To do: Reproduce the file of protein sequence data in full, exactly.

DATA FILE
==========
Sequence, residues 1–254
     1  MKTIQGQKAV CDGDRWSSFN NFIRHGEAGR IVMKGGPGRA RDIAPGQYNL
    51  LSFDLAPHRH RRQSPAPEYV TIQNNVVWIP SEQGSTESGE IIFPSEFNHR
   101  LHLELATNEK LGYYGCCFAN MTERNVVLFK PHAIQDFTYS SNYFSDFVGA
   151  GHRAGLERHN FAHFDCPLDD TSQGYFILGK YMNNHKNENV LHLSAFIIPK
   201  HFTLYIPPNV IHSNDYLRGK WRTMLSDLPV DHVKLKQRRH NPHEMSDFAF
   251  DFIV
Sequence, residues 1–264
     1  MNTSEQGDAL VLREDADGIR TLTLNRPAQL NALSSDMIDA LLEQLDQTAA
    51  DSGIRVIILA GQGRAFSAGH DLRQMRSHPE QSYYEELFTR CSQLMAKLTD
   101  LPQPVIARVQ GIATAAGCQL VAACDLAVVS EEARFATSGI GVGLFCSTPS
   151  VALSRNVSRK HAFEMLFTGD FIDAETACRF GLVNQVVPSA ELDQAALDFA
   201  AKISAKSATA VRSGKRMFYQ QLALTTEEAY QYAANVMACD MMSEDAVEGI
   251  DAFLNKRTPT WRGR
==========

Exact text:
Sequence, residues 1–254
     1  MKTIQGQKAV CDGDRWSSFN NFIRHGEAGR IVMKGGPGRA RDIAPGQYNL
    51  LSFDLAPHRH RRQSPAPEYV TIQNNVVWIP SEQGSTESGE IIFPSEFNHR
   101  LHLELATNEK LGYYGCCFAN MTERNVVLFK PHAIQDFTYS SNYFSDFVGA
   151  GHRAGLERHN FAHFDCPLDD TSQGYFILGK YMNNHKNENV LHLSAFIIPK
   201  HFTLYIPPNV IHSNDYLRGK WRTMLSDLPV DHVKLKQRRH NPHEMSDFAF
   251  DFIV
Sequence, residues 1–264
     1  MNTSEQGDAL VLREDADGIR TLTLNRPAQL NALSSDMIDA LLEQLDQTAA
    51  DSGIRVIILA GQGRAFSAGH DLRQMRSHPE QSYYEELFTR CSQLMAKLTD
   101  LPQPVIARVQ GIATAAGCQL VAACDLAVVS EEARFATSGI GVGLFCSTPS
   151  VALSRNVSRK HAFEMLFTGD FIDAETACRF GLVNQVVPSA ELDQAALDFA
   201  AKISAKSATA VRSGKRMFYQ QLALTTEEAY QYAANVMACD MMSEDAVEGI
   251  DAFLNKRTPT WRGR